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The timers in link state protocols are there to prevent a control plane meltdown due to rapidly changing state. Generally speaking, you want to configure these times so the reaction to the first change is almost immediate—assuming the first change is normally a singular event in the state of the network. If multiple events normally happen close together in time, you’re better off to set these timers to react more slowly, so more information can be gathered before the first reaction; the more information SPF has when running, and the more closely all the router’s databases across the network match before SPF is run, the less likely routing loops will form for any length of time. Generally speaking, to set these timers...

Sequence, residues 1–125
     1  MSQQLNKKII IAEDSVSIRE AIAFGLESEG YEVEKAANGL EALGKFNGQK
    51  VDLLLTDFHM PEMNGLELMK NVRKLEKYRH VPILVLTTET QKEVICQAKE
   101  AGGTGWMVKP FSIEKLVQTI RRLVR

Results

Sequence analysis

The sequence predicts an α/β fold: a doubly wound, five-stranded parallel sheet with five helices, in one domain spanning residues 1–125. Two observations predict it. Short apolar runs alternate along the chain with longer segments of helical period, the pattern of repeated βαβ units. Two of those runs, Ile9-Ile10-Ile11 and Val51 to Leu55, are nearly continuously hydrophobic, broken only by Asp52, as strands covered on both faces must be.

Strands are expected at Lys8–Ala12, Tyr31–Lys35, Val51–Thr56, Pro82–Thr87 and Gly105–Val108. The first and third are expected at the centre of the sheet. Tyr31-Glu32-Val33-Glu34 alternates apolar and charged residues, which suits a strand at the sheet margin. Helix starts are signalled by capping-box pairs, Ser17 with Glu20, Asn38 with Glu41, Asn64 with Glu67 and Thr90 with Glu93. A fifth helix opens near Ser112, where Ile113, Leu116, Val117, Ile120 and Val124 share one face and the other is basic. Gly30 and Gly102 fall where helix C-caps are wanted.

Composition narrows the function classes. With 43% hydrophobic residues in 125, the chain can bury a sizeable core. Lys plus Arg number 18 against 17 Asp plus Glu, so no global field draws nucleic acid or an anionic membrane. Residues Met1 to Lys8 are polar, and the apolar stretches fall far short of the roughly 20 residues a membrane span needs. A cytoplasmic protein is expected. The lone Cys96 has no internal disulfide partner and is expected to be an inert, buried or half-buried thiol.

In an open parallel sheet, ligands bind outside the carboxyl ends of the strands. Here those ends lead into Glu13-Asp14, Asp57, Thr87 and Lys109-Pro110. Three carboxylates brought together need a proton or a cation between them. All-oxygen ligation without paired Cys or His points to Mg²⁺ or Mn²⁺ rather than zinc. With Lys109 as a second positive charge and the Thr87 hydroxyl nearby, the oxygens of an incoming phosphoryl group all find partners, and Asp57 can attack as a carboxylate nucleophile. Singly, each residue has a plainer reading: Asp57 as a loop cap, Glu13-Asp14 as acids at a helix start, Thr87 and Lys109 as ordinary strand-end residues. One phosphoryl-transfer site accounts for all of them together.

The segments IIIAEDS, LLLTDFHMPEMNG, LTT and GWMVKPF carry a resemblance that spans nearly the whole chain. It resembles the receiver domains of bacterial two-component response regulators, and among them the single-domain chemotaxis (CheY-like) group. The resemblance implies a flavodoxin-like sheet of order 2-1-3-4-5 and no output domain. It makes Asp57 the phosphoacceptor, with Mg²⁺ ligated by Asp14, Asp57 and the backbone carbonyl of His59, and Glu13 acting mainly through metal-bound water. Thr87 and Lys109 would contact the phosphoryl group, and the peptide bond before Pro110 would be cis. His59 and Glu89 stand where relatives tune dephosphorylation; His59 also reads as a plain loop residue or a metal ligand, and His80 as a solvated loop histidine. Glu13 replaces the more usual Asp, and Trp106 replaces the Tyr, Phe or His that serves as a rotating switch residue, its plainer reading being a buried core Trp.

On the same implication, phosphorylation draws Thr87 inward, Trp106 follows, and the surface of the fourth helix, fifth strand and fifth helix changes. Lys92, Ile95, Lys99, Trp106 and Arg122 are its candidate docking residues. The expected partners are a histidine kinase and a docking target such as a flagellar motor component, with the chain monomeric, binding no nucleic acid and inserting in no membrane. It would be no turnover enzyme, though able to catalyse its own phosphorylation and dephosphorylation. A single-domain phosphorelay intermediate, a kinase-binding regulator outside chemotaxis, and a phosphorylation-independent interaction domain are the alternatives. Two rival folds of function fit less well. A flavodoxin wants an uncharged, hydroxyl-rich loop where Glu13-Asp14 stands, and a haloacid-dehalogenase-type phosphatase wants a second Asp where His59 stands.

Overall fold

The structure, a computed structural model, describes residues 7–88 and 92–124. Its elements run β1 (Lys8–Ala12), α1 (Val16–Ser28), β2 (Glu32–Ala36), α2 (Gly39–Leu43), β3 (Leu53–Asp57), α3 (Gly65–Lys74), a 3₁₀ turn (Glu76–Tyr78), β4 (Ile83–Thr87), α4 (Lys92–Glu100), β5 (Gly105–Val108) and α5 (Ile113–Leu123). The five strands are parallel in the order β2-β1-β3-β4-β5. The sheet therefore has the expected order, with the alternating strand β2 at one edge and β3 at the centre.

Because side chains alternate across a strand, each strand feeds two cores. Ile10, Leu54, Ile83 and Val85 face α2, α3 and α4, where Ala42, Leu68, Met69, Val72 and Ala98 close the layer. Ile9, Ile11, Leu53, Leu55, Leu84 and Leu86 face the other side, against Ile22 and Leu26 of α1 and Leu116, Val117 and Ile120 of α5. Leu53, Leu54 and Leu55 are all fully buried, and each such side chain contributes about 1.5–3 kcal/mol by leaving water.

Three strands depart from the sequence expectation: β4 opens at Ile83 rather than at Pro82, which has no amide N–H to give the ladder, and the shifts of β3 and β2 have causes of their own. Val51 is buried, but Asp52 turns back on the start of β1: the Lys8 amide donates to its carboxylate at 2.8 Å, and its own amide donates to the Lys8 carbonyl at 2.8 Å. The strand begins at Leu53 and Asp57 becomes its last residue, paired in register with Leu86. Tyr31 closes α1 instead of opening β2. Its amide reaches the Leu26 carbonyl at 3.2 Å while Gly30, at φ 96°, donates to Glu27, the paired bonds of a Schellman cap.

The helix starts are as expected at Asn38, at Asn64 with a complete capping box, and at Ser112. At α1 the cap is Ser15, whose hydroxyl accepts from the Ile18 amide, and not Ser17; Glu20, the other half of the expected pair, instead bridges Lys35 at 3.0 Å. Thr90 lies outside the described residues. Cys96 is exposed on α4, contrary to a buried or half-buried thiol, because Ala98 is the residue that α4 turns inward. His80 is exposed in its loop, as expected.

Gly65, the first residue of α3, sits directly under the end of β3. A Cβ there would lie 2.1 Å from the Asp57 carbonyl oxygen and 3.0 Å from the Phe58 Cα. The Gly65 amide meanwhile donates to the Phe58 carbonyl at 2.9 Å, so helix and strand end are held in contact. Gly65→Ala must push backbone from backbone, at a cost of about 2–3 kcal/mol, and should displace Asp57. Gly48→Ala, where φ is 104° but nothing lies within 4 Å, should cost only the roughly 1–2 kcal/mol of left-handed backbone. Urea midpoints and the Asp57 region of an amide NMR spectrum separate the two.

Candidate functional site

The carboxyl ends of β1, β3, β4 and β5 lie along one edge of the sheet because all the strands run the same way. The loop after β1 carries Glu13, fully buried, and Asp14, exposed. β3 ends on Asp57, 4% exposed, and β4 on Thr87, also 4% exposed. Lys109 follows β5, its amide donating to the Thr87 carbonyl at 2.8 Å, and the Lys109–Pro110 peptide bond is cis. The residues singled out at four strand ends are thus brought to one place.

Cover of The Art of Network Architecture: Business-Driven Design


SPF timers for OSPF and ISIS considerations